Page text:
The full list of exclusive RSD releases is here for your convenience if you wish to put some time aside for a proper perusal before the doors open tomorrow, though it isn’t like Record Store Day is only about those special records. It’s a celebration of vinyl, whichever album(s) you want to add to your collection.
Maybe it's all about that one you have racked up 82 listens to on Spotify that you now think, “yeah, I’d like to own that”, or maybe your local independent will be running a sale on second-hand shellac that you’d like to get elbows deep into.
Even if it’s just an excuse to head to your local independent to listen to something you’ve been curious about, see what others are buying or talking about, or simply be there for any live music, signings, raffles and social drinking, RSD will have fulfilled its duty. Make sure to check out events near you to stay apprised of what's going on locally.
Secondly, vinyl remains in a healthy place, so the celebration is fully merited this year. US vinyl sales for 2022 may have ‘only’ been 42 million units a year compared to more than seven times that in the late 1970s when vinyl was the dominant music format, according to an RIAA report (Recording Industry Association of America), but – and it’s a big ‘but’ – last year was the first since 1987 that vinyl record sales outperformed CDs.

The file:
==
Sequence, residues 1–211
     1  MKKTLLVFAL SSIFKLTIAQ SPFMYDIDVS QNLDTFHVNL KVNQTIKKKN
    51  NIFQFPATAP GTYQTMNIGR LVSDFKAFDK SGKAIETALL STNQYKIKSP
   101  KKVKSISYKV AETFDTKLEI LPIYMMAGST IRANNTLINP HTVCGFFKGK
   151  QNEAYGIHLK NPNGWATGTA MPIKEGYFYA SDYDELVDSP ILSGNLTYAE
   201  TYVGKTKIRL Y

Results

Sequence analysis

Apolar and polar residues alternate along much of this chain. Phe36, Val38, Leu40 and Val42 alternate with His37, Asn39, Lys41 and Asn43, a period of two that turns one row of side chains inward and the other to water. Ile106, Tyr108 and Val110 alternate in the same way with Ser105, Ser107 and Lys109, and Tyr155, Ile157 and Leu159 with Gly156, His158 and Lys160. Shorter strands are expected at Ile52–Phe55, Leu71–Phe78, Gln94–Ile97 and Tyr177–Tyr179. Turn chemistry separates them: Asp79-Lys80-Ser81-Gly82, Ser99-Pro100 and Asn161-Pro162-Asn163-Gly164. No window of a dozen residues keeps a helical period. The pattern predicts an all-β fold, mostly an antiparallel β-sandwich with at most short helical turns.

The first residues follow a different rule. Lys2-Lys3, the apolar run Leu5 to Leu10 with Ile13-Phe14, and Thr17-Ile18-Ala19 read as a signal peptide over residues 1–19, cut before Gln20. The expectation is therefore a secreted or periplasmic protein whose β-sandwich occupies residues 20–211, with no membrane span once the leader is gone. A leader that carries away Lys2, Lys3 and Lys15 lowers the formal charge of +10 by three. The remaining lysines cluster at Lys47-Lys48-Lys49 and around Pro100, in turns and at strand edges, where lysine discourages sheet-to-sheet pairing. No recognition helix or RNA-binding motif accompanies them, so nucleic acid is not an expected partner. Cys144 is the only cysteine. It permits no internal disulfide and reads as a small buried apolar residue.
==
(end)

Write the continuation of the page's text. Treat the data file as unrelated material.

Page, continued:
On top of that, last year marked the 16th consecutive year of growth for record sales in the States - thank you, overwhelmingly dominant best-sellers Taylor Swift and Harry Styles. Streaming may be the dominant form of music consumption in every which way you look at it, but vinyl is still very much on a prosperous path.
The fact big artists like Metallica and Jack White are backing pressing plants, and artists and labels are increasingly finding creative ways to package vinyl albums as compelling things to own is a promising sign for its longevity and relevance amongst streaming, too. Key examples include the RSD 2023 release of The Godfather Suite soundtrack on pearl-white vinyl with a gatefold sleeve and the playful features seen on White’s Lazaretto ‘Ultra LP’ which includes ‘hidden’ tracks and inside-out playback.